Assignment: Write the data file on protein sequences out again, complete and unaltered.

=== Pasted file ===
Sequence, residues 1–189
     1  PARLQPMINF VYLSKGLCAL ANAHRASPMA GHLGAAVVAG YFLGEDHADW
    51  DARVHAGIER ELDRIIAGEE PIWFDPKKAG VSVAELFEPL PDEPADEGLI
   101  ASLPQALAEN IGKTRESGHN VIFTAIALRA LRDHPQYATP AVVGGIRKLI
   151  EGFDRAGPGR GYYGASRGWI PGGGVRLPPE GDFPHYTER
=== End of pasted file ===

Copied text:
Sequence, residues 1–189
     1  PARLQPMINF VYLSKGLCAL ANAHRASPMA GHLGAAVVAG YFLGEDHADW
    51  DARVHAGIER ELDRIIAGEE PIWFDPKKAG VSVAELFEPL PDEPADEGLI
   101  ASLPQALAEN IGKTRESGHN VIFTAIALRA LRDHPQYATP AVVGGIRKLI
   151  EGFDRAGPGR GYYGASRGWI PGGGVRLPPE GDFPHYTER